What Metrics are Used to Assess Financial Performance?

Many metrics are extracted from the financial statements to assess financial performance. These metrics are also referred to as key performance indicators, or KPIs. Some of the most common include:

  • Gross profit margin measures revenue minus COGS in proportion to total revenue.

  • Net profit margin calculates revenue after subtracting all costs for the business, including COGS, plus operating expenses, interest, and taxes, in proportion to total revenue.

  • Working capital measures the business’s available liquidity, or assets that can be easily converted to cash. It is derived by subtracting current liabilities from current assets.

  • The current ratio measures assets in proportion to liabilities. This helps measure the business’s solvency, or its ability to repay debts. It is instead expressed as a fraction, with current assets divided by current liabilities.

  • The quick ratio is also known as an acid test ratio. It also measures liquidity, but only considers highly liquid current assets, such as cash, marketable securities, and accounts receivables. This calculation filters out some current assets, like inventory, which are not as easily converted to cash.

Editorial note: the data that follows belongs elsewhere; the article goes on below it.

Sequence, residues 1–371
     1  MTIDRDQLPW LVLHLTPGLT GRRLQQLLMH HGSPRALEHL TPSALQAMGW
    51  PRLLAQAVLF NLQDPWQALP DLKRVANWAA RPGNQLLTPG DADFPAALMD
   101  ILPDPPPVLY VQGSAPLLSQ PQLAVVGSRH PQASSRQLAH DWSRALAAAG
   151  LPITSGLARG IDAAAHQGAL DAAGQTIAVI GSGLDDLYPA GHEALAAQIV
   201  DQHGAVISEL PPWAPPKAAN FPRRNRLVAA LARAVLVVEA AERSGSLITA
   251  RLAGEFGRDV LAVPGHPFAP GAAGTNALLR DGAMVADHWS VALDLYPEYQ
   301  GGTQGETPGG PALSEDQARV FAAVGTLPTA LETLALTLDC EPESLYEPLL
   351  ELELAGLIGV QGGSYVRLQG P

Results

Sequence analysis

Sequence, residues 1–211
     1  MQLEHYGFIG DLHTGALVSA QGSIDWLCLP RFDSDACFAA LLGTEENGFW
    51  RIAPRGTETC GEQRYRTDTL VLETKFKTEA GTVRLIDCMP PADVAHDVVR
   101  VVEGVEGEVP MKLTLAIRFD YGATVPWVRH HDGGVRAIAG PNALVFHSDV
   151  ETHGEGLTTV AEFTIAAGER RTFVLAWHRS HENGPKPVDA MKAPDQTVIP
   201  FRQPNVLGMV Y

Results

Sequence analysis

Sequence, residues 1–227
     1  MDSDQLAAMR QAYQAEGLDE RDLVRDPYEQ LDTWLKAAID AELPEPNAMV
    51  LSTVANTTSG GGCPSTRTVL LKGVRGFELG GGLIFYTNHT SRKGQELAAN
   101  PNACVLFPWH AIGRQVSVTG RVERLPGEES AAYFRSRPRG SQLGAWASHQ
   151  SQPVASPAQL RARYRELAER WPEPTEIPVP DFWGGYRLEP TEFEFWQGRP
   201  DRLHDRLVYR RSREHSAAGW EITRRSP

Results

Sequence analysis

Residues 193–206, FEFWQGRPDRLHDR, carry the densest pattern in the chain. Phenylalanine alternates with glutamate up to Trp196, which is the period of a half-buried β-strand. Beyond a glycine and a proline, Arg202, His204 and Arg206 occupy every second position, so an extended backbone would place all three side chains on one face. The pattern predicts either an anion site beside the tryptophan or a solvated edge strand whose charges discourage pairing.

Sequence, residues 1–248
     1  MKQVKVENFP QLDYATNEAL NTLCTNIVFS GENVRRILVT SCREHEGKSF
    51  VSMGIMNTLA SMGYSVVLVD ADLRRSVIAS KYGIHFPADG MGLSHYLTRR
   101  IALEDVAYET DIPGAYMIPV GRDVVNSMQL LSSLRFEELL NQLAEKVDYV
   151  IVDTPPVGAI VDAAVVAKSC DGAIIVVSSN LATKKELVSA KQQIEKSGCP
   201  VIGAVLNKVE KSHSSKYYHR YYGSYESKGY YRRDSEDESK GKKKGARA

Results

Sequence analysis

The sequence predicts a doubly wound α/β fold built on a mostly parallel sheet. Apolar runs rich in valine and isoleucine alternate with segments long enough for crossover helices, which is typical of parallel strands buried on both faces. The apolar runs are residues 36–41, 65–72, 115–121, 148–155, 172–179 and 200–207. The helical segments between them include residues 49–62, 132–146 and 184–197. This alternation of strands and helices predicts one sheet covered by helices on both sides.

• Inventory turnover measures how frequently the business sells its inventory. It is expressed mathematically by subtracting the average inventory for the reporting period from the total cost of sales.

  • Total asset turnover measures how efficiently a company uses its assets to generate revenue. It is calculated as a fraction, by dividing total revenue by the average total value of assets for the period.

  • Return on equity (ROE) measures how well the business is converting shareholder’s equity into profits. It is calculated by dividing net profit by average equity.

  • Similarly, return on assets (ROA) assesses how well the company is converting its assets into profits. It is calculated by dividing net profits by average assets instead of average equity.

  • Operating cash flow measures how much cash the business has as a result of its operations. It is calculated using one of two ways: the indirect method and the direct method.

There are many other metrics that can be used to assess financial performance. They vary depending on the type of business and the industry in which it operates.


Why Is Financial Performance Important?

Financial performance is an important metric to various stakeholders in the business. For investors and shareholders, it provides an indicator of how well the business will be able to generate a return on their investment.

For lenders, it lets them know how well the business will be able to repay its loans. Financial performance tells regulators how well the business is complying with certain regulatory requirements.

Finally, it provides overall insight to management about how well the business is operating and meetings various objectives.